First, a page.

4 tips to get more pediatric patients through your door
Excerpted from page 20 of the July/August 2018 edition of AOA Focus.
Need to get the word out about the top-notch pediatric eye and vision care services your practice can deliver? A 2017 survey by InfantSEE®, a public health program of Optometry Cares®—The AOA Foundation, may provide some pointers.
InfantSEE asked parents how they learned about the program that provides no-cost initial eye assessments by doctors of optometry to children age 6 months to 12 months. The top three responses were: current patients (48%), family friends (22%) and referrals (10%).
"People trust their friends and social circle and are more apt to follow through with a personal recommendation than one from social media," says Mary Gregory, O.D., who practices at Uptown Eye Care in Monticello, Minnesota.
Jennifer Zolman, O.D., chair of the AOA's InfantSEE and Children's Vision Committee, who practices in Charleston, South Carolina, adds, "Patients and their parents are our biggest assets."
Dr. Gregory serves on the committee with Dr. Zolman and both are quick to say that attracting and keeping patients takes more than word-of-mouth-and a year-round, multi-communication channel push is required. Doctors can start by becoming an InfantSEE provider and getting access to several resources. They also will receive a special InfantSEE provider designation in the AOA's Find a Doctor locator that will promote their practice. AOA Marketplace provides useful resources as well.
Use these tips to get more young patients to your practice.
1. Be prepared.
At Dr. Zolman's practice, doctors and staff share informational folders with patients who mention children and grandchildren. The folder contains an InfantSEE pamphlet and a vision simulator card (from the Ohio Optometric Association). "Make sure staff are well-versed on your practice's services," Dr. Zolman says. Whether it's handing out folders or helping contribute to a team managing a practice's social media, "having staff involved is a huge part of it," she says.
2. Be strategic about your social media.
Facebook and Instagram are great places to catch the attention of and educate information-hungry parents, the doctors say. "Had the best time giving sweet little Rosie her first eye exam!" read an Instagram post by Dr. Zolman's practice. "The AOA recommends scheduling your baby's first eye assessment at 6 months to ensure healthy visual development." Using photos of patients, with their approval, makes eye care 'real' to the public," Dr. Zolman says.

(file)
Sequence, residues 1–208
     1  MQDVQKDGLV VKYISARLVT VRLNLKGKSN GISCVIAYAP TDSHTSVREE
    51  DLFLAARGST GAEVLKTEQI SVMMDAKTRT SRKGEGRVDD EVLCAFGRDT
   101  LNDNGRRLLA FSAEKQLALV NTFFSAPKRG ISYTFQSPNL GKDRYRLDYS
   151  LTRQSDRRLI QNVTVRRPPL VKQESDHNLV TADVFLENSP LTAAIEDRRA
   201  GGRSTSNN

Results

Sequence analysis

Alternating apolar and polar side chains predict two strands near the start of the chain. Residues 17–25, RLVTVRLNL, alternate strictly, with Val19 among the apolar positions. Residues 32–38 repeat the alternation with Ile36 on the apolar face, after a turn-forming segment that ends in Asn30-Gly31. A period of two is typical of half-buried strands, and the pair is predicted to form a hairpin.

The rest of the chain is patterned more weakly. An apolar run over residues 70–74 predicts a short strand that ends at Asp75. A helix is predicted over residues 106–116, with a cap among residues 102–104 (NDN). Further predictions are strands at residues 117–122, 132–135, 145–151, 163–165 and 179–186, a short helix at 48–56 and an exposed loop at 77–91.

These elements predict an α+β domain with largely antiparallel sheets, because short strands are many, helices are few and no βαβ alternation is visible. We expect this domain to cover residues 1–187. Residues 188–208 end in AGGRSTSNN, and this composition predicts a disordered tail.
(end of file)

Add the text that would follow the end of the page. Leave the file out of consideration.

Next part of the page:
Dr. Gregory urges doctors to follow up and track what efforts are producing the most results.
3. Be open to leaving the office and going into the community.
Talk to parent groups, nurses, child care providers and physicians. "Our largest referral source for the program is our local pediatricians," Dr. Gregory says. "They include the information about the program in their well-child visits. This brings into our clinic many new families as well as educates our current patients who are new parents. Once they are in for the infant eye assessment, we make sure we explain why this no-cost assessment is so important to ensuring the proper development of their child. We also let them know that we will send our assessment information back to their clinic, so it is in the child's health record. This shows that we are coordinating care with the pediatrician and that we are part of their children's health care team."
4. Create welcoming, kid-friendly spaces in the office.
"We have a children's space in the waiting room with a colorful wall mural and toys for them to play with," Dr. Gregory says. "We also include toys and children's books in each exam room. I have outlet covers on all electrical outlets in the exam rooms. This shows parents you have thought through having children in your space and are welcoming them. Another aspect to consider in making your patients feel welcome is the greeting and reaction from your staff. Our staff comment on the babies when they are checking in and often start conversations with the parents about their children. This adds to the environment and impression you are creating for your new patients."
The Telephone Consumer Protection Act (TCPA) regulates some forms of calls and texts sent by businesses. Is your practice, in its communications with patients, complying with the TCPA?
One misstep is all it takes to expose your practice’s essential data and protected health information to a costly cyberattack. The threat to health care is growing exponentially as is the sophistication of attacks, and your practice could be next.
The journal’s comparative review of 2017 MIPS scores contains numerous caveats that disqualify it from asserting any connection between MIPS performance and physician quality.